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The World Until Yesterday by Jared Diamond
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I found this book terribly disappointing. Guns, Germs and Steel and Collapse both told stories and drew conclusions. The World Until Yesterday reads to me more like a survey. Here are a bunch of human societies. Here's where they are along various sp...more
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A Pattern Language by Christopher Alexander
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Strange Itineraries by Tim Powers
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Uncle Tungsten by Oliver Sacks
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Uncle Tungsten by Oliver Sacks
Uncle Tungsten
by Oliver Sacks (Goodreads Author)
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How Music Works by David Byrne
How Music Works
by David Byrne
read in January, 2014
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Switch by Chip Heath
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Men at War by Ernest Hemingway
Men at War
by Ernest Hemingway
read in January, 2014
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More of Alex's books…
“I think human beings have evolved to appreciate narrative, in the same way that we have evolved to learn language. What is narrative, after all, but a kind of super-language, where stories, like words, are ways of encapsulating information?”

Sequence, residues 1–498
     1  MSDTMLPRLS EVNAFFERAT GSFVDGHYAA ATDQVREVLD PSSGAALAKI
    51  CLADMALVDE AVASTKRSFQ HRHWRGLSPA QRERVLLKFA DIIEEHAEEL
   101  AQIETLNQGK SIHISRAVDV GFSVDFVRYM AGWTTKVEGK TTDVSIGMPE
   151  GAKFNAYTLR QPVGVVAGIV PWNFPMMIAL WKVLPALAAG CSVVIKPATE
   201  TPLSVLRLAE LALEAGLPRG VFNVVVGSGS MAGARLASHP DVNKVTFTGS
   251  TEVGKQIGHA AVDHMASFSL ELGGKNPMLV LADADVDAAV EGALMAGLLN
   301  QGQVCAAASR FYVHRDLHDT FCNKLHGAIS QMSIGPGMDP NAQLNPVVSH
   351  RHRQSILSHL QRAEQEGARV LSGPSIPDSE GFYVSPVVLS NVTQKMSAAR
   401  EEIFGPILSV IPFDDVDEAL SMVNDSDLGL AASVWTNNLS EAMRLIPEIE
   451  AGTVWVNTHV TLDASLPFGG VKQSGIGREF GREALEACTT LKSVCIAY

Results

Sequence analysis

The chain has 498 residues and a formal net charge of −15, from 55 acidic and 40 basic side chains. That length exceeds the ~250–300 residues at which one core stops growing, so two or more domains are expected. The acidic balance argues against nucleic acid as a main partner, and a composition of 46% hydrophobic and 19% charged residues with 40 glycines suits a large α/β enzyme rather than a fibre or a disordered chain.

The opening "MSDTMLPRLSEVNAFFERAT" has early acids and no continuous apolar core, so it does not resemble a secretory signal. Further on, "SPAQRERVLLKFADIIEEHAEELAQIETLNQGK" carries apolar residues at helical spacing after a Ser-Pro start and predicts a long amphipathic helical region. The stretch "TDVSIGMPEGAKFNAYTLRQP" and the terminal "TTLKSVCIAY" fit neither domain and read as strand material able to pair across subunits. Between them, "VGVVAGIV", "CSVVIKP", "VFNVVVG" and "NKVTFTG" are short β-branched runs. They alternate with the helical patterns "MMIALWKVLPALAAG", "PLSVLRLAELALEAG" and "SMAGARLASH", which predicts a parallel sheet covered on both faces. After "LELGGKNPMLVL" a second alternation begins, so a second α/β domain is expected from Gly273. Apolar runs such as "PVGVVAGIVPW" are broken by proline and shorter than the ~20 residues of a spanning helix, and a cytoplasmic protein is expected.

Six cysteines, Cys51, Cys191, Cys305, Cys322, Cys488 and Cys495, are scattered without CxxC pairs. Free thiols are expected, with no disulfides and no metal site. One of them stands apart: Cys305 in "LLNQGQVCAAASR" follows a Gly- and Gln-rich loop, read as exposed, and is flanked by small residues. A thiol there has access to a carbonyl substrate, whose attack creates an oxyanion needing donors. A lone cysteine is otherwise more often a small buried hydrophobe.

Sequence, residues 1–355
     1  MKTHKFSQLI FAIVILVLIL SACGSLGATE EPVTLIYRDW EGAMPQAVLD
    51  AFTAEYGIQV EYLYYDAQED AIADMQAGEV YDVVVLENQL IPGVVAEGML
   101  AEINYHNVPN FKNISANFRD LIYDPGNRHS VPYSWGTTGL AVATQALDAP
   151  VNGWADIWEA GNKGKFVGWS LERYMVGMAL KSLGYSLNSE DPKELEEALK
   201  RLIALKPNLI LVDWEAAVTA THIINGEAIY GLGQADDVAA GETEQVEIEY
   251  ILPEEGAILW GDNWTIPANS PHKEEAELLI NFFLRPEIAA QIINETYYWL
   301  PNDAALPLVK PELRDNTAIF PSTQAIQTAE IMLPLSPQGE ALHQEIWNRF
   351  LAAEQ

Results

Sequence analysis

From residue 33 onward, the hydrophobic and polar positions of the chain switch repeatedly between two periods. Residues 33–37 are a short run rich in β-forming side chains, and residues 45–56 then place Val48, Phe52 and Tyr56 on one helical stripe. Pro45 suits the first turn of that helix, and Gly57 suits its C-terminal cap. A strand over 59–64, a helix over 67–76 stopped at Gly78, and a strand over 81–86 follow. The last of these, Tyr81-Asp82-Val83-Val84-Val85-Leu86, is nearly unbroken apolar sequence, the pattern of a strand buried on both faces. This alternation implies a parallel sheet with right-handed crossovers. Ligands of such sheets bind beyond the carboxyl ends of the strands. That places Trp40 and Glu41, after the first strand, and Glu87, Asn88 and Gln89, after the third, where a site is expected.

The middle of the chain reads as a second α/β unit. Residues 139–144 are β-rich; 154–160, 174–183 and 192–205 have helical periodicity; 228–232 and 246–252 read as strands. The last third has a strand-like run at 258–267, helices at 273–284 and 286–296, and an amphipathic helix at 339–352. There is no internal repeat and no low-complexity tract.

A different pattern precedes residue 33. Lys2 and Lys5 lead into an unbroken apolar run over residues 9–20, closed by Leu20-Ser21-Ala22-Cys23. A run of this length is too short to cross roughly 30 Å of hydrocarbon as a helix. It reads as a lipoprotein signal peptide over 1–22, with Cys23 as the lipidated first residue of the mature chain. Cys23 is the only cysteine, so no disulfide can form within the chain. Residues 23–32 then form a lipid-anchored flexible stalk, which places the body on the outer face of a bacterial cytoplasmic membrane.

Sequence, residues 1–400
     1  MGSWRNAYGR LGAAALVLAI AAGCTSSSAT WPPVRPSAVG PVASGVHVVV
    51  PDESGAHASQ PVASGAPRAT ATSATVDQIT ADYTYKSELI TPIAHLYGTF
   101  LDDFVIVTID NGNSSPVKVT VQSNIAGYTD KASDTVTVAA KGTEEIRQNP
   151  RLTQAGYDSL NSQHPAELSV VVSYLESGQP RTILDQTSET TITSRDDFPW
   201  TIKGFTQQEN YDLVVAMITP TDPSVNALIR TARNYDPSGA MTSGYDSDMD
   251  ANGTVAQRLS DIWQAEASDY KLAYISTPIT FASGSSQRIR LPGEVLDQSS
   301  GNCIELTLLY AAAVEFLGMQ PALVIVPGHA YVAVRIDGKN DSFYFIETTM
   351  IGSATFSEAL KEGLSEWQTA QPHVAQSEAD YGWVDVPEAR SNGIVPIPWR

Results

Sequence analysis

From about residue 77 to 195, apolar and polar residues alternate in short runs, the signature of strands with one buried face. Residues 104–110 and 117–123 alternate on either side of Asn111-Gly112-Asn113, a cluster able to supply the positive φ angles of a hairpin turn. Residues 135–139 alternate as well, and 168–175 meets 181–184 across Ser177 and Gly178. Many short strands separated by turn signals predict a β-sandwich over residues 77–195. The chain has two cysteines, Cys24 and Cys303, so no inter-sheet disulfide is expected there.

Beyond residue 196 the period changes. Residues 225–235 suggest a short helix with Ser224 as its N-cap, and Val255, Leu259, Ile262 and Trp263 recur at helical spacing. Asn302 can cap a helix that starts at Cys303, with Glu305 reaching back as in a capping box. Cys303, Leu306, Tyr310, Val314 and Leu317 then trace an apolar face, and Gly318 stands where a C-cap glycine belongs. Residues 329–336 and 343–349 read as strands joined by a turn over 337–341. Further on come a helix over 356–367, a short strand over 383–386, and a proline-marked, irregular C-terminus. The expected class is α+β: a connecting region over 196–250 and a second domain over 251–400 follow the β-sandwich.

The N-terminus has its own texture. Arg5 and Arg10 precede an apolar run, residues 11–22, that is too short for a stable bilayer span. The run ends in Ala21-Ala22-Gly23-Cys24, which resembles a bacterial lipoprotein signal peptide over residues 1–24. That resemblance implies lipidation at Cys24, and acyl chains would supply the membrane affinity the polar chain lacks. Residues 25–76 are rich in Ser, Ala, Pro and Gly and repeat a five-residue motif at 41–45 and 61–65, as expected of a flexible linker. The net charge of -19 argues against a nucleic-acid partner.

Alex Epstein

“I think human beings have evolved to appreciate narrative, in the same way that we have evolved to learn language. What is narrative, after all, but a kind of super-language, where stories, like words, are ways of encapsulating information?”
Alex Epstein

“There is a distinct difference between "suspense" and "surprise," and yet many pictures continually confuse the two. I'll explain what I mean.

We are now having a very innocent little chat. Let's suppose that there is a bomb underneath this table between us. Nothing happens, and then all of a sudden, "Boom!" There is an explosion. The public is surprised, but prior to this surprise, it has seen an absolutely ordinary scene, of no special consequence. Now, let us take a suspense situation. The bomb is underneath the table and the public knows it, probably because they have seen the anarchist place it there. The public is aware the bomb is going to explode at one o'clock and there is a clock in the decor. The public can see that it is a quarter to one. In these conditions, the same innocuous conversation becomes fascinating because the public is participating in the scene. The audience is longing to warn the characters on the screen: "You shouldn't be talking about such trivial matters. There is a bomb beneath you and it is about to explode!"

In the first case we have given the public fifteen seconds of surprise at the moment of the explosion. In the second we have provided them with fifteen minutes of suspense. The conclusion is that whenever possible the public must be informed. Except when the surprise is a twist, that is, when the unexpected ending is, in itself, the highlight of the story.”
Alfred Hitchcock

25x33 Q&A with Alex Epstein — 1 member — last activity Mar 02, 2011 05:59AM
...March 01, 2011 to March 31, 2011...
45079 Elevensies - 2011 Debut YA & MG Novels — 100 members — last activity Aug 08, 2011 01:36AM
Over 75 YA & MG novelists with debut titles releasing in 2011. Our group's website is loaded with infomation, so stop on by! http://community.livejourn...more